At the British Congress'on Tuberculosis held in
London in 1901, Koch announced that human tuberculosis
was distinct from bovine tuberculosis and could not
be transmitted to cattle. He went further and, on
the analogy of his experimental failure to infect
calvos and sviine with progressive tuberculosis by
inoculation with the human bacillus, he assumed as a
corollary that the bovine tubercle bacillus must be
harmless for man.
This assertion was contested and investigations
were instituted in this country and abroad to inquire
into the relations of human and animal tuberculosis.
In 1911 a Royal Commission in L]ngland reported the
results of official investigations; extensive
corroboration of the findings from other home and
foreign workers proved conclusively that Koch was
wrong in his opinion that the bovine tubercle bacillus
was a negligible factor in human tuberculosis.
Interest in Scotland has been centred mainly in
the incidence in human tuberculosis of the different
types of tubercle bacillus. Fraser (1912) examined
67 cases of bone and joint tuberculosis in children
and found that 61.2% were infected with bovine bacilli.
Wang (1917) reported 55% of bovine infections in 20
children under sixteen years of age and 10.3% in 68
adults in the Edinburgh district. Munro and Cumming
(1926) found bovine bacilli in 36.4% of 55 cases of
surgical tuberculosis in the East of Scotland.
Blacklock (1936) isolated the bovine bacillus from
82.2% of 73 children with primary abdominal
tuberculosis and from 63.3% of 30 patients with
cervical gland tuberculosis. He noted a higher
incidence of bovine bacilli in country than in
Glasgow children. Blacklock and Griffen (1935)
found that 22% of cases of cerebral tuberculosis in
children in the same West of Scotland area were due
to the bovine bacillus.
The importance of factors other than the type of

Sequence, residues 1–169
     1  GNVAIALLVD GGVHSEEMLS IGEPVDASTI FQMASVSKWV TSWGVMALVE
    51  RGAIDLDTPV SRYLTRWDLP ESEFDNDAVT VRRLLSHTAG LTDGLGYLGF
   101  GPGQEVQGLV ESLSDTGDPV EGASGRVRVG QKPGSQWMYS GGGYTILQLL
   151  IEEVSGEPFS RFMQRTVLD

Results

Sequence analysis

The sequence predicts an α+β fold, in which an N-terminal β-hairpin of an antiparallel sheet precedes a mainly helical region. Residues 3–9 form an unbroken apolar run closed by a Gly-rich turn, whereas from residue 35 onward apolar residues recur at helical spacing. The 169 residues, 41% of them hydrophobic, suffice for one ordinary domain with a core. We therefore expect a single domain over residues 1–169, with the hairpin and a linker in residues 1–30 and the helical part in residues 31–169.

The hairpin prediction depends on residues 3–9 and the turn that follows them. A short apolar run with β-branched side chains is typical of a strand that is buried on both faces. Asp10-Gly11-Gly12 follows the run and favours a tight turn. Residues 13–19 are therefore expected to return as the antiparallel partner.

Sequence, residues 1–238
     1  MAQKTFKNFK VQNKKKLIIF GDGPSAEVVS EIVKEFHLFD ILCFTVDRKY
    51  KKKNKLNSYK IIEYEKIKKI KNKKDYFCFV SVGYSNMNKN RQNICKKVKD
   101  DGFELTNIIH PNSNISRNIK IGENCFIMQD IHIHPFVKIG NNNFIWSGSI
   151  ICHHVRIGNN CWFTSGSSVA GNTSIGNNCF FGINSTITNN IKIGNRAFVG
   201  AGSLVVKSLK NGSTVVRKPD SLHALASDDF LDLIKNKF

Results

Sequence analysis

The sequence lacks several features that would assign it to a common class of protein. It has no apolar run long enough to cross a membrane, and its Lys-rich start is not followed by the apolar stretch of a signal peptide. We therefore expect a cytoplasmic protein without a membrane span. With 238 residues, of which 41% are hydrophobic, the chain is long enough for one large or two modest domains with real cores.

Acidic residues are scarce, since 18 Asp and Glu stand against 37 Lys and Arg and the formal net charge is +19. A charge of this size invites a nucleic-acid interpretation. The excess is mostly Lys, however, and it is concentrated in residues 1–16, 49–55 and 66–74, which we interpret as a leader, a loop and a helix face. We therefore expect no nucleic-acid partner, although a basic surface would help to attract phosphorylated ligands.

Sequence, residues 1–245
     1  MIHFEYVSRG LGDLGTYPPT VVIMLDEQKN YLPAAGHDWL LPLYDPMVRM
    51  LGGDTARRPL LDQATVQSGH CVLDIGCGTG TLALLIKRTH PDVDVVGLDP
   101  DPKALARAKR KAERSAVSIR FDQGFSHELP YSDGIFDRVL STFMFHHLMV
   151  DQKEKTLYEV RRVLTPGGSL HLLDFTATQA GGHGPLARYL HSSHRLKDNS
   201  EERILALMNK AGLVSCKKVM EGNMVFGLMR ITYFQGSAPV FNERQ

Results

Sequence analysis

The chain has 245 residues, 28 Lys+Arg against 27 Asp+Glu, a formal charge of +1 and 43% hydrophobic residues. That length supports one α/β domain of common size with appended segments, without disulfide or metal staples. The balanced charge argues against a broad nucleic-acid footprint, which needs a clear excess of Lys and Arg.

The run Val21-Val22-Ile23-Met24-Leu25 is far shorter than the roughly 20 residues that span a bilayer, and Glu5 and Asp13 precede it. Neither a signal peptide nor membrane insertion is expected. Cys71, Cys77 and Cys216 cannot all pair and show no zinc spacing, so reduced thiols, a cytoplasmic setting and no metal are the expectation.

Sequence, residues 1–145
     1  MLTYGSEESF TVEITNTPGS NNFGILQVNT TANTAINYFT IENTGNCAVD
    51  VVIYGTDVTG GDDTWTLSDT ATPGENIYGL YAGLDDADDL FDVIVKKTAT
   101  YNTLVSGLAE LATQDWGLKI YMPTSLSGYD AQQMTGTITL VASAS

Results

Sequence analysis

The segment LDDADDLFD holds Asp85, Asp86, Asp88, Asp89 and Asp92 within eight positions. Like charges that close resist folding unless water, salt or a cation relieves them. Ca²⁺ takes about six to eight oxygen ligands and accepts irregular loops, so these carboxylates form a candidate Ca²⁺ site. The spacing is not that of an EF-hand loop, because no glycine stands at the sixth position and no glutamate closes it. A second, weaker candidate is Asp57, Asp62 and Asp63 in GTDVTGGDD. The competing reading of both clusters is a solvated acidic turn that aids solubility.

organism had become manifest for it was obvious that
the proportional frequency of the type of infecting
organism varied greatly in different districts.
Griffith (1934), in surveying the results of
typing 265 strains of tubercle bacilli isolated from
cases of tuberculous meningitis occurring between
1905 and 1933 and derived from widely separated areas
throughout the United Kingdom, noted that the
incidence of bovine infection was higher, in general,
in country places and rural towns than it was in
cities. Munro and Scott (1936) reviewed the
relative frequency of human and bovine bacilli
recovered from cerebro-spinal fluids in patients from
the East of Scotland and concluded that bovine
infection was an urgent rural problem as, in the
series examined, the incidence of this type was three
times greater in rural areas than it was in cities.
This conclusion was supported by the work of
Macgregor and Green (1937) who found 2% of bovine
infections in 68 cases of tuberculous meningitis
occurring in the City of Edinburgh and 25 in 29
cases from the adjoining country districts.
The importance of raw milk was stressed by these
workers as a possible reason for the rural preponderance of the bovine type of tubercle bacillus, however,
in an investigation of 91 patients suffering from
pulmonary tuberculosis and residing in the rural areas
and small towns in the North East of Scotland,
Griffith and Smith (1935) found 14.45 with bovine
tubercle bacilli in the sputum. The possibility of
infection of susceptibles with the bovine organism
by such persons is a factor that cannot be overlooked.
Wright and Wright (1942) discussed the influence
of social conditions on illness in childhood in
London Boroughs. They analysed statistical data of
the morbidity and mortality of diphtheria, measles,
whooping cough and tuberculosis for the period 1924 - 1938 and, by comparing with data for social conditions
in the same area, they determined the correlation
between illness and social factors. The effects of
substandard housing and of the deprivation of many
of the amenities of life - food, heat and clothing - through deficient economic resources were noted as
important factors in the distribution of tuberculosis
among young children; the authors concluded that it
would be unwise to infer how poverty operates in
addition to the increased physical proximity of overcrowding.